Skip to main content
U.S. flag

An official website of the United States government

Historic Floods Along Arkansas River

Despite often being completely dry during drought conditions in western parts of Kansas, the Arkansas River can become deceptively menacing at high flow and cause millions of dollars in damage. The following briefly describe the Arkansas River Basin in Kansas, chronicle the effects of human development on streamflow in the basin, and provide brief descriptions of some of the larger floods.

Description of Arkansas River Basin

At 1,450 miles, the Arkansas is the longest tributary in the Mississippi-Missouri system. From its source near Leadville, Colorado (Arkansas River Historical Society, 2003). Regulation of streamflow by storage and consumptive use in Colorado has reduced the river to a small stream where it crosses the border into Kansas. Across the plains of Kansas, the channel of the river is very shallow, with the banks being less than 5 feet above low water in some places (Blackmar, 1912). What the river channel lacks in depth it makes up for in width, being as much as 1-mile wide in some places.

As a result of land-surface characteristics and water use in Kansas, flows in the Arkansas River remain small for a considerable distance within the State, increasing gradually to Wichita where they increase due to inflows from the Little Arkansas River (Jordan, 1986). As it travels through Kansas, the Arkansas River flows through mostly agricultural areas and then exits into northeastern Oklahoma. There it is joined by the Canadian, Cimarron, Neosho-Grand, and Verdigris Rivers. It then crosses the State of Arkansas and empties into the Mississippi River 600 miles north of New Orleans (Arkansas River Historical Society, 2003).

The Arkansas River Basin in Kansas can be divided into two subunits--the upper Arkansas River Basin and the lower Arkansas River Basin. The Arkansas River Basin as a whole has a relatively low potential for runoff as soil permeability is generally high and precipitation is generally low (Juracek, 1999). This low potential for runoff along with relatively flat to gently rolling terrain throughout its basin results in generally localized flooding that is mostly confined to areas immediately affected by excessive rains.

Effects of Human Development on Streamflows

Prior to the early 1880s, there was always an abundance of water in the river, and the channel, even down to the Little Arkansas River near Wichita, was usually full. Occasionally, however, the river was a bed of dry sand above the confluence of the Little Arkansas for a couple of months in the fall. During prolonged dry spells, water in the channel has been known to disappear suddenly, only to make its reappearance as unexpectedly within the next day or two (Root, 1936).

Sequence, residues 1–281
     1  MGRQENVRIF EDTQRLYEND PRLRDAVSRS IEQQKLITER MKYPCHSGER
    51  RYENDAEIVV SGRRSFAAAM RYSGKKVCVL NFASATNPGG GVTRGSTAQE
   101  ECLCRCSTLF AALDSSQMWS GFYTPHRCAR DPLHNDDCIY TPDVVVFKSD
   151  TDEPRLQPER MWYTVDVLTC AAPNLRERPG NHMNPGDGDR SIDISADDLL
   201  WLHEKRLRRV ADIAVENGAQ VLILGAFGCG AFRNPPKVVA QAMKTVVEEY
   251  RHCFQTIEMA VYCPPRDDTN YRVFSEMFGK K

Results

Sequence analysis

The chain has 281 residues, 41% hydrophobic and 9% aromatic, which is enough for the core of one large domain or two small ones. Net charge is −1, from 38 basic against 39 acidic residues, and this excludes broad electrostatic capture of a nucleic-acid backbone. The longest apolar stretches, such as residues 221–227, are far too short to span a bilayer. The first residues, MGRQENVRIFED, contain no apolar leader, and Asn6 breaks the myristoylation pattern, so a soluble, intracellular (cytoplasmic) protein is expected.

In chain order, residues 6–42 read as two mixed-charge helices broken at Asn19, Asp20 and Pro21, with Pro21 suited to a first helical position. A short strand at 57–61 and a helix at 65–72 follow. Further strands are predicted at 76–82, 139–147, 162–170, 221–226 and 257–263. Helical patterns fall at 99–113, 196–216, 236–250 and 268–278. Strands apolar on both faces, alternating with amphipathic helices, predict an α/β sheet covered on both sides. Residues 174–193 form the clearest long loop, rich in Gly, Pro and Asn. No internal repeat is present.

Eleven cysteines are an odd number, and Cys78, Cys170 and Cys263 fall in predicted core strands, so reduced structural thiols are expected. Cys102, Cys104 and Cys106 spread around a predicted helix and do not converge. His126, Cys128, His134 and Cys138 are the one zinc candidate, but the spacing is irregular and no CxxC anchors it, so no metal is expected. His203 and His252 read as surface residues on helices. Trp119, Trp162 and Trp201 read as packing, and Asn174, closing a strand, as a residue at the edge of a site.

Development of the Arkansas River Basin in western Kansas began with diversions for irrigation of corn and sugar beets (Jordan, 1986). From 1880-1905, 12 irrigation canals were constructed to divert water from the Arkansas River between the Colorado State line and Great Bend, Kansas. These 12 canals were intended to irrigate from 5,000 to 100,000 acres. From 1900-10, irrigation wells began to be constructed in the Arkansas River Valley. Well development occurred because of the rapid expansion of irrigation in Colorado, which caused flow in the Arkansas River to cease during July and August when water was so sorely needed by Kansas irrigators. Well water could be obtained at depths of 6 to 20 feet. These early wells were constructed to supplement river flows, not to replace river water; however, by 2000, direct water withdrawals from the river for irrigation had deceased to supply water for only about 50,000 acres of Kansas land (C.V. Hansen, U.S. Geological Survey, written commun., 2003).

The considerable development of the Arkansas River in Colorado, including construction of John Martin Reservoir, completed in 1943 with 702,000 acre-feet or 227,000 million gallons of storage capacity, also affects flows of the river in western Kansas. Cheyenne Bottoms—a waterfowl and fishing area in Barton County enlarged from a natural shallow lake— - and Quivira National Wildlife Refuge in Stafford County are maintained in part by diversions from the Arkansas River and its tributaries. Other developments include diversions of floodwaters around Hutchinson, Wichita, and Valley Center, and a pipeline from Cheney Reservoir to Wichita (Jordan, 1986).

The Wichita and Valley Center Local Protection Project, authorized by the Flood Control Act (Public Law 738), was approved on June 22, 1936, and consists of levees, floodways, improved channels, and control structures on the Arkansas and Little Arkansas Rivers and Chisholm Creek in Sedgwick County, south-central Kansas. Construction of the project began in May 1950 and was completed in March 1959. The project provides flood protection for approximately 49,000 acres of urban and rural lands in and adjacent to the cities of Wichita and Valley Center (U.S. Army Corps of Engineers,1996).

The apparent downward trend of annual peak flows at the U.S. Geological Survey (USGS) streamflow-gaging station on the Arkansas River at Syracuse is the result of consumptive use of water for irrigation and storage in reservoirs. Decreasing streamflows have forced the decrease of irrigation by surface water from the Arkansas River and also has decreased the quantity of water available for the Cheyenne Bottoms and Quivira waterfowl areas. In contrast, annual peak flows of the Arkansas River at Wichita have not shown a downward trend despite ground-water withdrawals from the adjacent Equus Beds aquifer for public supply in the Wichita area.